Though the number of independent booksellers in Tucson has decreased over the years, those that remain, like Antigone Books, have a dedicated following.

When Larry McMurtry died in March, Tucson felt his passing more deeply than most. For 25 years, McMurtry divided his time between the Catalina Foothills and his beloved hometown of Archer City, Texas.

While here, he and writing partner Diana Ossana wrote the screenplay that became the movie “Brokeback Mountain.”

In the mid-1990s, he even owned a bookstore in town: Booked Up at 2828 N. Stone Ave., just north of Glenn Street.

But be honest, Tucson: Do you remember his bookstore?

Not many do, and the reason may surprise you. It wasn’t that Tucsonans didn’t read. His store went unnoticed because so many of us did.

“All of us already had our own favorite bookstores,” said Jeff Yanc, a former bookstore owner and now the program director at The Loft. “Back in the ‘90s, if you wanted a new book, you went to a family-owned bookstore. And chances are you knew the family.”

On the front counter at the Book Stop, the old-fashioned bookshop on Fourth Avenue, is a faded newspaper clip that counted 50 Tucson bookstores in 1979.

Mrs. Tiggy Winkles was a toy store and children’s bookstore on Broadway near Country Club Road. The Haunted Bookshop at Tohono Chul was the vaunted bookshop on the north side. The owner of the Mad Hatter Bookshop on Campbell once threw McMurtry from his store for excessive browsing.

Coyote’s Voice, Footprints of a Gigantic Hound, Green Fire Books, Marco Polo and I … the list of bookstores goes on.

Yanc remembers them well. He also remembers being at ground zero when Tucson’s book world began to shake in the mid-1990s. He was a buyer for Bookmark, the largest bookstore in Tucson, when the Blanton family closed the store in 1999.

Not yet discouraged, Yanc and three friends opened Reader’s Oasis at 3400 E. Speedway in 2000.

“We thought we saw a niche if we could create something smaller than Bookmark … bright and open like B. Dalton … and welcoming like the family-owned stores we’d grown up with. We wanted to be a community meeting place: book signings, book clubs, movie screenings, small art shows.”

The concept proved popular and worked well for a time, but new challenges appeared. An online bookstore called Amazon had begun to gain traction. Bigbox bookstores such as Barnes & Noble and Borders were offering books at deeply discounted prices.

“My ‘oh, no’ moment came one day when we sold out of a new Harry Potter book,” Yanc said. “The book was on backorder at the publisher. I was desperate, so I drove to Costco and bought every copy they had on the table. The book cost me less at Costco than it did from the publisher. On the drive back to the store, I remember thinking, ‘This isn’t good.’”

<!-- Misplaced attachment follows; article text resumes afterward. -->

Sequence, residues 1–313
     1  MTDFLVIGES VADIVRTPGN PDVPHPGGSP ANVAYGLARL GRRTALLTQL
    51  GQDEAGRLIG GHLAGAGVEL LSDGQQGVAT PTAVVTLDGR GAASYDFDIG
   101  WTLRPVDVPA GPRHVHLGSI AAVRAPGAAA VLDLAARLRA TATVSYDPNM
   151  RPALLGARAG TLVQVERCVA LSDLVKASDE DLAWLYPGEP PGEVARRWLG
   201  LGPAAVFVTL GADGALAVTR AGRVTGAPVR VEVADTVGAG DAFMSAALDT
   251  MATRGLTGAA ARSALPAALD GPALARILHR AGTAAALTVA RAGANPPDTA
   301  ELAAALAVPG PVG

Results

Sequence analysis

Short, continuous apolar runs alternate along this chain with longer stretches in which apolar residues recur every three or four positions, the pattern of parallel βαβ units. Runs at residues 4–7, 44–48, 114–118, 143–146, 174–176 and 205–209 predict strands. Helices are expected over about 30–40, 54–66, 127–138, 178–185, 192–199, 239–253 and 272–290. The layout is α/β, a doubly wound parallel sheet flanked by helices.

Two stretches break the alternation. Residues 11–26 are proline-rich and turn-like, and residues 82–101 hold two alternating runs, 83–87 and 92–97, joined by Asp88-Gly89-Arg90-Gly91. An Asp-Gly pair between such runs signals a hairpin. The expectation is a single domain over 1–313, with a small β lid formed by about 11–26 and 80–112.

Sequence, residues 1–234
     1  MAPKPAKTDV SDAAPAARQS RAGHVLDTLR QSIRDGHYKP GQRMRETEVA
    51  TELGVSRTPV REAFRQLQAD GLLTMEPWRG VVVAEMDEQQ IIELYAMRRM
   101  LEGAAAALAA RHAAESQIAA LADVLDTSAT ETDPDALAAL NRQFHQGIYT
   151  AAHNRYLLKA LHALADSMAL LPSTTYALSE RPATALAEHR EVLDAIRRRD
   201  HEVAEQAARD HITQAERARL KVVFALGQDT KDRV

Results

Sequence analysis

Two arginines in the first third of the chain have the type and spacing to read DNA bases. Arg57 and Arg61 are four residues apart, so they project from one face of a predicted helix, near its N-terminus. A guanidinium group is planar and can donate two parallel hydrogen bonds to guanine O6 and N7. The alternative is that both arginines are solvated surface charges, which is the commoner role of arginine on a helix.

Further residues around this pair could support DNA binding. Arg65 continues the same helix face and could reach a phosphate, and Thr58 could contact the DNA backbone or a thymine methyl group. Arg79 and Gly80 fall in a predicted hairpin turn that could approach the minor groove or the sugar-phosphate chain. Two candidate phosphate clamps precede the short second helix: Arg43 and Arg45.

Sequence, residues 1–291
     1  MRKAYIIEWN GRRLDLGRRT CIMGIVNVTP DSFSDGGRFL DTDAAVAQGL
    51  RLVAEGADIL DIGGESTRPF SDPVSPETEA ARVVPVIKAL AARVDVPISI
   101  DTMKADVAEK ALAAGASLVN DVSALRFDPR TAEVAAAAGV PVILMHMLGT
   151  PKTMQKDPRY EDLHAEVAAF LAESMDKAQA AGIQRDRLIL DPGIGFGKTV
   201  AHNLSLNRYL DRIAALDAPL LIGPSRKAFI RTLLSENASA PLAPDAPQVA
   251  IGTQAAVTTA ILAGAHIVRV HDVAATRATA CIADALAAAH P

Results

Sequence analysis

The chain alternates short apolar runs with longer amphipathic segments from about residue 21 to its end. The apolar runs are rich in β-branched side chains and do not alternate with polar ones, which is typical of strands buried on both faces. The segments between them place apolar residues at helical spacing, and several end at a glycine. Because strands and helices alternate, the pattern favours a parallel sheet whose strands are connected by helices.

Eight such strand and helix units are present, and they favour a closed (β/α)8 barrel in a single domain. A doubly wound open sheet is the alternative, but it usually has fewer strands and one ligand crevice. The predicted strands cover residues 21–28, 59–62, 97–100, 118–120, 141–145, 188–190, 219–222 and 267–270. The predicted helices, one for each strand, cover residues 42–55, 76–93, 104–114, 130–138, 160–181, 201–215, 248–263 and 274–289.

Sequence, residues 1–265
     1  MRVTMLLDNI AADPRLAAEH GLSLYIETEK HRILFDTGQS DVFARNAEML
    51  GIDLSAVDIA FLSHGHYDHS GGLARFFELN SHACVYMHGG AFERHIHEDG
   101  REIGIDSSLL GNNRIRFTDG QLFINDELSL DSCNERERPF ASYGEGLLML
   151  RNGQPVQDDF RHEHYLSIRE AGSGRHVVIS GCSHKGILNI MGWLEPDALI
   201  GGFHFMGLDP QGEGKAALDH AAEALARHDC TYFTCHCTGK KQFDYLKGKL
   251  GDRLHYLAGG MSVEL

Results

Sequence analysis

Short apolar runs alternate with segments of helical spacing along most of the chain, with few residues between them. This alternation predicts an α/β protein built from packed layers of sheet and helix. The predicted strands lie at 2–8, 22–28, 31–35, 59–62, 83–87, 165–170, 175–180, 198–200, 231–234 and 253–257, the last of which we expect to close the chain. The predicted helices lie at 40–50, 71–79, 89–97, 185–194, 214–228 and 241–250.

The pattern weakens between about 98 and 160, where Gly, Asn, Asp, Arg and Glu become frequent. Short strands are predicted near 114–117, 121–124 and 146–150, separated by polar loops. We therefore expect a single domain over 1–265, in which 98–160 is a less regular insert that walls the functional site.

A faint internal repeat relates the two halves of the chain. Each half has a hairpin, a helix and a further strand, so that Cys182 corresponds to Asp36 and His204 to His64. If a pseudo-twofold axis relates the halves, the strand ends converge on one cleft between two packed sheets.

Trudy Mills, who joined with Kate Randall to purchase Antigone Books in 1986, remembers the feeling.

“Antigone had always been a feminist bookstore, so we were lucky we had a pretty loyal base of customers,” she said. “Still, we had expanded our inventory. We felt the squeeze for sure. Our sideline sales for things like cards and gifts probably kept us going there for awhile.”

Mills said the tide finally started to turn in the 2010s. “Who knows why, exactly,” she admitted. “Maybe people got tired of staring at screens all day. Maybe their Kindles started to break down. Maybe they started to feel nostalgic about the feel of a book in their hands. Whatever it was, we began selling books again.”

It helped that Amazon, Borders and Barnes & Nobel seemed preoccupied with trying to kill each other.

“There was a major book war going on over our heads,” Mills said. “We were able to stay out of the line of fire there for awhile.”

In hindsight, though, the biggest difference was that Antigone began seeing young-adult customers again. More, in fact, than ever before. Students. Young professional women. Young mothers. An increasing number of young men.

A culture change was afoot, a rising tide that lifted independent booksellers throughout the country. Between 2010 and 2019, the number of independent bookstores in the U.S. increased 35% to almost 2,000 stores.

Here in Tucson, the youth movement had another interesting effect. In 2018, Mills and Randall sold Antigone to Kate Stern, Morgan Miller and Melissa Negelspach – three young professionals who had worked at the store.

Antigone, at 411 N. Fourth Ave., is one of a few independent booksellers still standing in Tucson. Others include:

Mostly Books, 6208 E. Speedway

Book Stop, 214 S. Fourth Ave.

Bookmans, with locations at 3733 W. Ina Road, 6230 E. Speedway, and 3330 E. Speedway

Barrio Books, 720 W. Silverlake Road inside Hotel McCoy

Revolutionary Grounds, 4675 E. Speedway Blvd.

“As easy as it is to mourn the loss of those great, old bookstores, I think we should really marvel at the stores we still have,” Yanc said. “It has been a constant battle, for a long time. But there they are, still opening their doors every morning. It’s amazing, when you think about it.”


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